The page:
• 51. Lucy Mae
    • I am Lucy Mae. I am riding a four-wheeler on my 90th birthday. This has been a wonderful day for me. Actually the celebration started a week ago when my six daughters came to Fort Worth and began to prepare this party. They bought food and began to cook. They bought decorations and decorated the house. (The house belongs to my granddaughter, Norma Mae. She is named for me.)
  • 52. Lucy Mae
    • They decorated the house like a long time ago when I was a girl. I was raised in a big family on the frontier of Texas. My Daddy was a farmer and we children (there were fourteen of us) helped Mother and Dad on the farm. So my girls decorated with old cowboy type of decorations like bales of hay and red checkered table cloths.
  • 53. Lucy Mae
    • They made western food too. We had bar-b-q, red beans, potato salad, green salad and lots of sweets. We have always had lots of desserts in my family. I guess that is because Mother had me to make all the sweets for the family when I was a girl. I am a pretty good dessert-maker. Of course, there were lots of other things to do when I was a girl, but I’ll tell you about those things at another time.
  • 54. Lucy Mae
    • Back to my party-all my nieces and nephews have come in today for the party too. I am so happy to see all of my family together-cooking and visiting. When it came time to eat, we all held hands and said a prayer, thanking God for our family, the food and all His many blessings. And what am I doing on a four-wheeler? Well it was my great granddaughter, Lori’s idea. She said, “Gam-Let’s ride the four-wheeler. Want to?” I thought it would be fun and sure enough, we had a great time - until my girls came out and had a fit!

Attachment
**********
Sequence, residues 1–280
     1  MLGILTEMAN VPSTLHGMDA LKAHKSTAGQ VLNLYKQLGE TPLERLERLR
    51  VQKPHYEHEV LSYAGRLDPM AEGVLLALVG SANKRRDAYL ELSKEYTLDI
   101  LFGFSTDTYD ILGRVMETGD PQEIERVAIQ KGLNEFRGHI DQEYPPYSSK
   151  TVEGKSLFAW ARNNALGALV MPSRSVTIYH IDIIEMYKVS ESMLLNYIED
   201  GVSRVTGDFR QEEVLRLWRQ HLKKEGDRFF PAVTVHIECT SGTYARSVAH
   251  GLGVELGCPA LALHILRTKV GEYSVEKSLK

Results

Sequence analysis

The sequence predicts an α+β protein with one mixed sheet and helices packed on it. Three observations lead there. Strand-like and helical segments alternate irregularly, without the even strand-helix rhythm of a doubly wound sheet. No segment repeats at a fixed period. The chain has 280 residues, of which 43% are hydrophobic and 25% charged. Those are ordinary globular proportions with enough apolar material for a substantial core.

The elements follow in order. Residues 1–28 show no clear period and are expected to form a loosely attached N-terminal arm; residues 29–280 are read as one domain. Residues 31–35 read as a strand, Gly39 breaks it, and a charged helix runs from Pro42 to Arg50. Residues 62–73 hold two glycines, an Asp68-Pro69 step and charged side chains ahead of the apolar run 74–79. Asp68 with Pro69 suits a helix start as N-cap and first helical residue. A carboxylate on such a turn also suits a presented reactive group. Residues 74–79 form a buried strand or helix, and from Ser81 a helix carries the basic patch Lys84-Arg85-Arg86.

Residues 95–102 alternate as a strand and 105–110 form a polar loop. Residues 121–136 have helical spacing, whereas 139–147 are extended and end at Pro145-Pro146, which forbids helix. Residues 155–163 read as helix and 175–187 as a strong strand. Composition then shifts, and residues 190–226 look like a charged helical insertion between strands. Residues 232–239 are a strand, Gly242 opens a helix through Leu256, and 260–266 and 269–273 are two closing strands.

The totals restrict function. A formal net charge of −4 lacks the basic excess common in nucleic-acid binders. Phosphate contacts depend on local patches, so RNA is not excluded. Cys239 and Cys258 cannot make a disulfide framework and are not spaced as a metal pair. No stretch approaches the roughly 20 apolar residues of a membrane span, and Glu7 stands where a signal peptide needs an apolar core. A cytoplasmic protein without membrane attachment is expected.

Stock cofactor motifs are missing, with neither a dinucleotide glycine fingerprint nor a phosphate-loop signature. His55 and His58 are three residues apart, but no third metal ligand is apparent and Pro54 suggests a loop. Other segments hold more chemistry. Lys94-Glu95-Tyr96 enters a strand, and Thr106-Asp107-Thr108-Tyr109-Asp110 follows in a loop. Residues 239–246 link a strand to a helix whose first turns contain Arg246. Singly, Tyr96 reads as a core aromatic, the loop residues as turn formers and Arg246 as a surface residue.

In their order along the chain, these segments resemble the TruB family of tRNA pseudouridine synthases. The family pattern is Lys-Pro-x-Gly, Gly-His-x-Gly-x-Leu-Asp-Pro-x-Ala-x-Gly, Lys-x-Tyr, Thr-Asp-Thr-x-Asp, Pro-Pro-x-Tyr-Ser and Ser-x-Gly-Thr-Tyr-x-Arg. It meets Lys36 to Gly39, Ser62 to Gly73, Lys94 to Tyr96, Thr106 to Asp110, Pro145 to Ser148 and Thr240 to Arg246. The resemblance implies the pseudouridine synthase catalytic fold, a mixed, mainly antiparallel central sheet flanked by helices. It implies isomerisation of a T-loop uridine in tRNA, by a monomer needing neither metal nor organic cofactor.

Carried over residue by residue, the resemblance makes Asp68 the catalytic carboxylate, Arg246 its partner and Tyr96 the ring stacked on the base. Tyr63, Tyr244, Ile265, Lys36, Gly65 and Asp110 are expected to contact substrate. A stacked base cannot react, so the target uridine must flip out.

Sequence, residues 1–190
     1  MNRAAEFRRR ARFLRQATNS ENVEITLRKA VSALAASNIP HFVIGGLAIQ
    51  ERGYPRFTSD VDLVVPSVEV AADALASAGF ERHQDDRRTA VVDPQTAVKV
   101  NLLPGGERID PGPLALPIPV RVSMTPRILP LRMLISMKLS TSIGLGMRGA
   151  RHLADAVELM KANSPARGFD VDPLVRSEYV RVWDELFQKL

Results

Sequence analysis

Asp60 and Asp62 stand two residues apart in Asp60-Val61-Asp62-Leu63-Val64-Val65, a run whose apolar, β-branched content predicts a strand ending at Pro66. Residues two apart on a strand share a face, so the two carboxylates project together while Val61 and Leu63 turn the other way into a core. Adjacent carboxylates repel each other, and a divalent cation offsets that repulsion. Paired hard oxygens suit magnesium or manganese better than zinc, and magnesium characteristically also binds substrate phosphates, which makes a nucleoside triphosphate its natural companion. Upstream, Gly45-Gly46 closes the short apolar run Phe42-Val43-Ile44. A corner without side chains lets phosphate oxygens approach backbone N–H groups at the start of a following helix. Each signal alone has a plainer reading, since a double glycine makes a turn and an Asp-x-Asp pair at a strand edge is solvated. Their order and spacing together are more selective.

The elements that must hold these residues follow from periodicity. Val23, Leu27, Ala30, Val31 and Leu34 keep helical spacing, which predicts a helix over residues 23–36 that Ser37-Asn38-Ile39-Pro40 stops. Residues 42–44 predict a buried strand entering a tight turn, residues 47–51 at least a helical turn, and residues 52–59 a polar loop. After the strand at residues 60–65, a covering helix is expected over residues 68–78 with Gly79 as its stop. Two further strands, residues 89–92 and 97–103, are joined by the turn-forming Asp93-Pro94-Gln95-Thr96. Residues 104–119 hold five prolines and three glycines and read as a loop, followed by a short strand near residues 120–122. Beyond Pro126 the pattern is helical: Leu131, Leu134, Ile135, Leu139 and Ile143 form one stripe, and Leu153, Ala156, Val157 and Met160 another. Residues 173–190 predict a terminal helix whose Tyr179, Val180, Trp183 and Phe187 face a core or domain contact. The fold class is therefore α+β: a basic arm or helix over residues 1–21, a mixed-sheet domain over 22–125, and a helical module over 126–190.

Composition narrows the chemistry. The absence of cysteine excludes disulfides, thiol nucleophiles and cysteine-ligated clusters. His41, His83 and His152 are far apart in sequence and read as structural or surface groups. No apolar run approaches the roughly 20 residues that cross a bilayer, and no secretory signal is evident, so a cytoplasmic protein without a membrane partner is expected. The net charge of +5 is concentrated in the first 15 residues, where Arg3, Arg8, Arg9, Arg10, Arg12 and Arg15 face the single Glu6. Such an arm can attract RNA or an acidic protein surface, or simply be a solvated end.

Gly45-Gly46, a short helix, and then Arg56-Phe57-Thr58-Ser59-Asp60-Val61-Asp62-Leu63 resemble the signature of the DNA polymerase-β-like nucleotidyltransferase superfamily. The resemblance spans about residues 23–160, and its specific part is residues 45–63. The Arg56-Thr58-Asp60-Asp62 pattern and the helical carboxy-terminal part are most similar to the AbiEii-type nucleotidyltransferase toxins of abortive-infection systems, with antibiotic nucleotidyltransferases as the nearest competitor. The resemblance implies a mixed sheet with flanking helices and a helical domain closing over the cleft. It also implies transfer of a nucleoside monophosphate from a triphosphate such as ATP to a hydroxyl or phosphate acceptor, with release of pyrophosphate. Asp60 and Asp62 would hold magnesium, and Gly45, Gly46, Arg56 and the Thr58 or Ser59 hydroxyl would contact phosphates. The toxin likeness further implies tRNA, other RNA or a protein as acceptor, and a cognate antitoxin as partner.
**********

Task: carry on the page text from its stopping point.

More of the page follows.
• 55. Today…
    • What new information did you learn?
    • What new insights did you have?
    • How will this impact your work?
  • 56. References
    • Abdallah-Pretceille, M. (2006) Interculturalism as a paradigm for thinking about diversity. Intercultural Education, 17 (5), 475-483.
    • Archer, C. M. (2004) Toolkit for culture and communication. Houston, Texas: Department of Intellectual Property, University of Houston.
    • Archer, C. M. (1991) Living with strangers in the USA:Communicating beyond culture . Englewood Cliffs, New Jersey: Prentice-Hall, Inc.
    • Gadamer, H.G. (1975) Truth and method. London: Sheed and Ward
    • Habermas, J. (1984. The theory of communicative action: reason and the rationalization of society (Vol. 1) (T. McCarthy, Trans.) Boston: Beacon Press.
    • Hall, E.T. (1959) The silent language. Garden City, New York: Anchor Press/Doubleday.